Later in the week, while I was in the shower, I was reminded of how our Lord always provided exactly what we need. My mind drifted back to my earnings and I decided to calculate my expenses over the past two weeks, as well as the tithes that I should give. It was then that I realized that all the numbers fell into place: the medication and bag came to a total of $189, which left me with $21—the exact amount I needed for tithes!

As I stepped out of the shower, I couldn’t stop thanking the Lord aloud for His abundant provision and His great love for me. The Lord had not only provided me enough to seek medical treatment and purchase a backpack I needed, but He also provided me enough to give back to Him.

Indeed, in all things, God will be glorified. And I am just thankful to be blessed by Him.

 

When I was Blessed to be Sick

Recently, I was blessed to be down for a few days with a bad flu, sore throat, and fever.

Yes, you read it right. I was blessed and I thank God to have been down for those few days.

Please don’t get me wrong. I wasn’t thankful to be sick so I could escape work. In fact, I’ve been unemployed for nine months now. Being sick meant that I had to miss a reunion dinner which I had been looking forward to, with a group of elderly folks whom my husband and I had befriended six months ago. Due to the viral attack, I also had to be absent from my church’s monthly prayer and praise session, which I really wanted to attend as it was the first one for the year.

During those few days, I felt physically drained, and my muscles, joints, throat, head, and back ached badly, making sleeping an arduous affair. As I couldn’t lie down flat, I could only slouch in my couch, tossing and turning every so often to alleviate the aches. There was so much to complain about and nothing to be thankful for. Or was there?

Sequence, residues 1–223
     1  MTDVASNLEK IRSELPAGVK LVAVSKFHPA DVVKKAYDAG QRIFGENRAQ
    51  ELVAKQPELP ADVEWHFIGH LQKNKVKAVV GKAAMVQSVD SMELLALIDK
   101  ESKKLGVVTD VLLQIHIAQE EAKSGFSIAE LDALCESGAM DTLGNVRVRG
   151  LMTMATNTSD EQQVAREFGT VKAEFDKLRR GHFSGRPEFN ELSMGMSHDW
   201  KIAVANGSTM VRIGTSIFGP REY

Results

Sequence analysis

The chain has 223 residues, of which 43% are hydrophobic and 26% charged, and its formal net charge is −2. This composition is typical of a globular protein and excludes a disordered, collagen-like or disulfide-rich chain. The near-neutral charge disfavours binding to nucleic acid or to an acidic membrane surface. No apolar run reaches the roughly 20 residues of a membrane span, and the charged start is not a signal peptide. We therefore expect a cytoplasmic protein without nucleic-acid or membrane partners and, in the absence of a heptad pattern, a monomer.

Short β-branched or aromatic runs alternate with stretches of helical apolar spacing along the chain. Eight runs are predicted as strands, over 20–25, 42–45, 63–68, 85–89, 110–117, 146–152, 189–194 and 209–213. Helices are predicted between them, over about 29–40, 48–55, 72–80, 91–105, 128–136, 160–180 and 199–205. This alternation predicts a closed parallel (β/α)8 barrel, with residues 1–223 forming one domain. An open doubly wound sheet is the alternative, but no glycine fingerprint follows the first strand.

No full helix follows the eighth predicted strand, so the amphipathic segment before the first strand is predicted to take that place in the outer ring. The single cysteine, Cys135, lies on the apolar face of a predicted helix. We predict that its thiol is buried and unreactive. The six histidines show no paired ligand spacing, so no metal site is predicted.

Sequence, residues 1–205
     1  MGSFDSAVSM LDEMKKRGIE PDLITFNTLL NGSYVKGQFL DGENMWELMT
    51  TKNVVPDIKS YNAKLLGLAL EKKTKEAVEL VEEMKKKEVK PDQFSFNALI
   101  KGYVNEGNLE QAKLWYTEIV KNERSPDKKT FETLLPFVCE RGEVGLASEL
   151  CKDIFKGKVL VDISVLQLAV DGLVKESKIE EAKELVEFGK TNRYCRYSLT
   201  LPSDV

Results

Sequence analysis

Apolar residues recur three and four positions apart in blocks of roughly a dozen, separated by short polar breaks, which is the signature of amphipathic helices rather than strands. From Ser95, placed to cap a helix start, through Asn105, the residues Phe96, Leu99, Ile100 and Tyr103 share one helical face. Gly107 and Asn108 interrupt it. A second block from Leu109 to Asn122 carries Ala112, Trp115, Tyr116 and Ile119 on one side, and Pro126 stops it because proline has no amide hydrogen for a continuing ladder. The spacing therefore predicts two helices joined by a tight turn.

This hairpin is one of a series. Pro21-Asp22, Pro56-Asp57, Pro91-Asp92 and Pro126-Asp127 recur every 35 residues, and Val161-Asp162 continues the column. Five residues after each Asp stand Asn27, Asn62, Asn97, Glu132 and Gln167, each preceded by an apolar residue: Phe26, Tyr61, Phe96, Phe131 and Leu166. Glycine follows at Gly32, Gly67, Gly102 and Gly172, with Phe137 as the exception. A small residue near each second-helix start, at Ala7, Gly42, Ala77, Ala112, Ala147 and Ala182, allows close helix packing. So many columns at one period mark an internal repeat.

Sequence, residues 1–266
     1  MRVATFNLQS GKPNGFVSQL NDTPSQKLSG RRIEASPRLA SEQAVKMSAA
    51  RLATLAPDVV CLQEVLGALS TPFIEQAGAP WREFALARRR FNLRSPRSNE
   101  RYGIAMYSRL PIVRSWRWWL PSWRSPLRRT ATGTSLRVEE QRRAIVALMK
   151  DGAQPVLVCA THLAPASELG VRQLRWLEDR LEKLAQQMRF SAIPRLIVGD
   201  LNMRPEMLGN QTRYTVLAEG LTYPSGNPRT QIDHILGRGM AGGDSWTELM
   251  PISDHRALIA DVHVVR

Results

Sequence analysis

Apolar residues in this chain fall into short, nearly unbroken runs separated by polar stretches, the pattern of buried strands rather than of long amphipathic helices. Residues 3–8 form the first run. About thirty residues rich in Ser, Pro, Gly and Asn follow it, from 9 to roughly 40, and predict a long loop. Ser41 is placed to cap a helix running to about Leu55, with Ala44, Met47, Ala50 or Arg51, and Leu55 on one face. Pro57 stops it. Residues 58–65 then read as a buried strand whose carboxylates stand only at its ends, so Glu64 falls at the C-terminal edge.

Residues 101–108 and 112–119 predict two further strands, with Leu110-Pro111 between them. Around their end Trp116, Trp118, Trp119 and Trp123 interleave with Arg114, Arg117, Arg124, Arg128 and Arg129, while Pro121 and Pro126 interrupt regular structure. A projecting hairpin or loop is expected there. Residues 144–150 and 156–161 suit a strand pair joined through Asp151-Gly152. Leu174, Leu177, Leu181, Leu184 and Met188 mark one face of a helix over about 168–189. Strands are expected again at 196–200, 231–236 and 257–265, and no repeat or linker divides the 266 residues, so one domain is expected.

Because of the headache, I wasn’t in the mood to watch television, nor was I in the frame of mind to read a book. The only thing I could do was close my eyes . . . and spend time with God.

The moment I did that, my mind drifted back to the last time I spent time with God. Sure, I pray daily, worship often, read the Bible, attend church, am active in a ministry, and attend cell group meetings. But when was the last time I really spent time with God? That was a very long time ago.

As I lay on my couch, God eased some of the pain, and I felt a sense of stillness and warmth surround me. It was as if someone was hugging me. I thought about what God had told me some months back—to be a “runner” for Him and bring His wandering sheep back to Him. I was also reminded of my duty as a wife, created to be my husband’s helper. God brought to mind the times when my husband had to complete certain tasks on his own because I had failed to help and support him. Deeply convicted, I repented and asked the Lord to teach me and give me the wisdom to be a godly wife.

It’s been only a few days since I’ve recovered, but I now see the kitchen as my new God-assigned office and my household as my field. Things which I once saw as daily tasks are now God-given tasks to me. In the days ahead, I also plan to meet people God had brought to my mind during my quiet time with Him. My eyes have been opened because I had been sick and had spent time with the Lord.

Now, ‭‭I wake up every day with a new awareness that in order to perform my God-given tasks and bear fruit, I need to abide in the Lord. Jesus said, “I am the vine; you are the branches. If you remain in me and I in you, you will bear much fruit; apart from me you can do nothing” (‭‭John‬ ‭15:5‭‬‬‬‬‬). ‬‬‬‬To abide in Him, I need to know Him. And to know Him, I need to spend time with Him. ‬‬‬‬‬‬

I pray that you too will join me in spending time with the Lord.